This time I got another decently early start. Even with collecting water, I still managed to get hiking by 8am.
From the start, the trail was always edging uphill, but not very steeply. So my pace was quite rapid. And it soon entered a wide open sandy burnt-out section. By 11am or so, I had gone the 9 miles to the Sawmill Mountain Trailhead entering the Indian Heaven Wilderness. There was a rare PCT log book here in an ammo can. As I signed it, I noted that Pop Tart and Nobody had come through six days before and had left a phone number. I took it down but never called.
Somewhere in this first section, I talked to my last pair of elk hunters, asking if I had seen any elk. I had just recently seen one out of the corner of my eye way down the hill but it may have been a cow. I told them about the successful hunter from the day before, but that I hadn’t even seen any sign on the trail or heard any bellows all day. I wished them luck. They would need it, since it was their last day out.
By noon, I was edging up the side of Sawmill Mountain and met two women hiking together. I didn’t want to slow down much to talk to them as I had set myself a goal to not stop until the next trail junction for lunch. But while I was eating lunch there, they passed again. I caught up to them again shortly after when they stopped for a snack and we had a discussion about what could be seen in the wilderness and where they would be hiking. I had already decided to camp at Blue Lake, but they persuaded me to take some side trails on the way there.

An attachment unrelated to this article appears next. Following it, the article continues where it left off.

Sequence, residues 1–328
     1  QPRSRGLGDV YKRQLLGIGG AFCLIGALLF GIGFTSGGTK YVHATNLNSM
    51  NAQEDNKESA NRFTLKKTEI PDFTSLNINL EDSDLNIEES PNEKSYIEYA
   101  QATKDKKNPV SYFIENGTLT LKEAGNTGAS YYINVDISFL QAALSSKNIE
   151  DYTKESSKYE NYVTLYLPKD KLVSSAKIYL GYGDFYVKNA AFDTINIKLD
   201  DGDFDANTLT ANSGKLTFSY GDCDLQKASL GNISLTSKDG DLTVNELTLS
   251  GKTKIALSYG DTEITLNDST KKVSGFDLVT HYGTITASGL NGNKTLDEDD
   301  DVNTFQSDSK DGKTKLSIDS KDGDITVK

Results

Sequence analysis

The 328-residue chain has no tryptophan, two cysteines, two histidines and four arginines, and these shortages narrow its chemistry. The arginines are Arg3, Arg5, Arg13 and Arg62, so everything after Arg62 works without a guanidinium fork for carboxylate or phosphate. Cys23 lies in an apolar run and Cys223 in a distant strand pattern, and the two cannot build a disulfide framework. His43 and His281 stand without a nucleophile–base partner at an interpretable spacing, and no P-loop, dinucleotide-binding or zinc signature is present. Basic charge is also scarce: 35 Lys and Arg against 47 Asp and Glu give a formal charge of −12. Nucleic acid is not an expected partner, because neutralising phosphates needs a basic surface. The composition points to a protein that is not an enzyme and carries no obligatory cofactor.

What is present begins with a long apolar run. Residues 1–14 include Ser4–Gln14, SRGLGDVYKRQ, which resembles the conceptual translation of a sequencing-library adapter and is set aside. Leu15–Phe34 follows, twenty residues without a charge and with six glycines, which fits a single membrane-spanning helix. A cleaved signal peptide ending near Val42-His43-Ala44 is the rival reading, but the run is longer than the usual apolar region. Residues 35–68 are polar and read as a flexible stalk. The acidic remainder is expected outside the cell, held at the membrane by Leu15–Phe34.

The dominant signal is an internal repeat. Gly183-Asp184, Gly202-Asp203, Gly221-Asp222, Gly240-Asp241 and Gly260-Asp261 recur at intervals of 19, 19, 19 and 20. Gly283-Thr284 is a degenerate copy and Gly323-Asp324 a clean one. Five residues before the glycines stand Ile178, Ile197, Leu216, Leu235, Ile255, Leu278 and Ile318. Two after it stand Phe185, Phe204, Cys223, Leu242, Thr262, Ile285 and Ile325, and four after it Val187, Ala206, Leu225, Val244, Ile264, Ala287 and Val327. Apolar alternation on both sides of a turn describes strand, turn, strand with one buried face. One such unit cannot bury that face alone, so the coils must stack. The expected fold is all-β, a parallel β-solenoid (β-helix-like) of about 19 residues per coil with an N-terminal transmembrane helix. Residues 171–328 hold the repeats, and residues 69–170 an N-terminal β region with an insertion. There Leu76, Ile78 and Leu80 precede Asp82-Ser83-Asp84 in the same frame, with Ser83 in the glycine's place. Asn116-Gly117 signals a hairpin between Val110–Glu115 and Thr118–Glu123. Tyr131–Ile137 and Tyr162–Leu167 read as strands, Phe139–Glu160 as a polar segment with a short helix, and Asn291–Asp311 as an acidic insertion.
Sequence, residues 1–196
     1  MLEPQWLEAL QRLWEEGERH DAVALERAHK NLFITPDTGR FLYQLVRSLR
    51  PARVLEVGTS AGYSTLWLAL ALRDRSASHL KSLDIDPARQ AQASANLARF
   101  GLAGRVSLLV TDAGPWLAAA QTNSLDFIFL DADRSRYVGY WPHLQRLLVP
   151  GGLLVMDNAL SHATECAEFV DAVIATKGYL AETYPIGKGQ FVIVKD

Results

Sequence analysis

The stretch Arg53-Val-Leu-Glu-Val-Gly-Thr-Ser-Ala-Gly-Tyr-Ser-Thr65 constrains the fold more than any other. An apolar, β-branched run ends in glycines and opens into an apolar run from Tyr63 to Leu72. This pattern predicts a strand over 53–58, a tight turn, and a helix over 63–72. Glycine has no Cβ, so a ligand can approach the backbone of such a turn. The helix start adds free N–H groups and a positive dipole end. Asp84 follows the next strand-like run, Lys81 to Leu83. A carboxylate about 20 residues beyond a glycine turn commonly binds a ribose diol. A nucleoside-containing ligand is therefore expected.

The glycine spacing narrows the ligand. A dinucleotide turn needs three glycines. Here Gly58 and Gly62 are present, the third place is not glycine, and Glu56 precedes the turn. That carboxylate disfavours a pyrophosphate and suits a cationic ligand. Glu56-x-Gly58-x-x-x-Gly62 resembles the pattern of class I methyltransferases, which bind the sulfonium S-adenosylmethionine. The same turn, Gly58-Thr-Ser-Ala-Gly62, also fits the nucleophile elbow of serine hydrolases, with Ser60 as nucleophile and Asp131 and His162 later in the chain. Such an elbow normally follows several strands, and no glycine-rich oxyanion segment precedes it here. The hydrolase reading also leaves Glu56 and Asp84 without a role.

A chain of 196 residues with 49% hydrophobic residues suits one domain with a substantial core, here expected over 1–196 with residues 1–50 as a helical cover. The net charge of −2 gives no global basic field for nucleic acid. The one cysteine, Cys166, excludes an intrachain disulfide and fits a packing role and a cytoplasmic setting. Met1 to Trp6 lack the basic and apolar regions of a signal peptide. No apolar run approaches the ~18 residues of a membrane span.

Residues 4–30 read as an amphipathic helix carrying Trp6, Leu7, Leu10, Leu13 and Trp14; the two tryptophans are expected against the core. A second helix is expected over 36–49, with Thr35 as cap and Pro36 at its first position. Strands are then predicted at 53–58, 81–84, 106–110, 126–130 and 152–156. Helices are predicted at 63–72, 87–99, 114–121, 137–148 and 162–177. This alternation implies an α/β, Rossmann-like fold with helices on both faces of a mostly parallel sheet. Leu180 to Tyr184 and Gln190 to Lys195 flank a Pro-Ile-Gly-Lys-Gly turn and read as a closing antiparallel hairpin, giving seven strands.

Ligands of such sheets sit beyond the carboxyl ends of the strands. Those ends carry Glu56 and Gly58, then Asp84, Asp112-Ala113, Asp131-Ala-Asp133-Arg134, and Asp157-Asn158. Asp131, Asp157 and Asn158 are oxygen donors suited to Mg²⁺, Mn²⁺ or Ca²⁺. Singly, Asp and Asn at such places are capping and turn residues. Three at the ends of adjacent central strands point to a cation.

The day hikers started to get thicker from this point on. I’ll omit all the ones I stopped to have short conversations with from here on. There were a lot more that I didn’t though. There were just way too many people wandering around the area that day.
By a little after 2, I had reached Bear Lake, having descended from the PCT to the water’s edge for collection and filtration and a snack break. I did not return to the PCT, instead descending a hill to a trail that promised to cross a number of nice meadows and pass a spate of ponds.
And that’s what it did. It wasn’t always the easiest trail, but it offered plenty of nice views. The last 4 miles of the day’s walk as the sun slowly descended seemed to last as long as the entire day leading up to it just because of the many sights it offered. It became apparent why the area was so popular.
The trail eventually arrived back at the western edge of Blue Lake. I decided I wanted to camp there, figuring the other camp sites around the lake would be more popular. There was a pack sitting at the campsite as if someone else were planning to camp there, so I took the spot farthest from the water to give them the choice of the premium sites (and also reduce my chances of condensation). Eventually, a man showed up and took away the pack, saying they had decided to camp elsewhere. So I had a site to myself at a very popular destination. Nice.
The wind picked up overnight and a fog rolled in. By morning, it was an awful lot like rain.
Total distance: 19 miles
Trail progress: 18 miles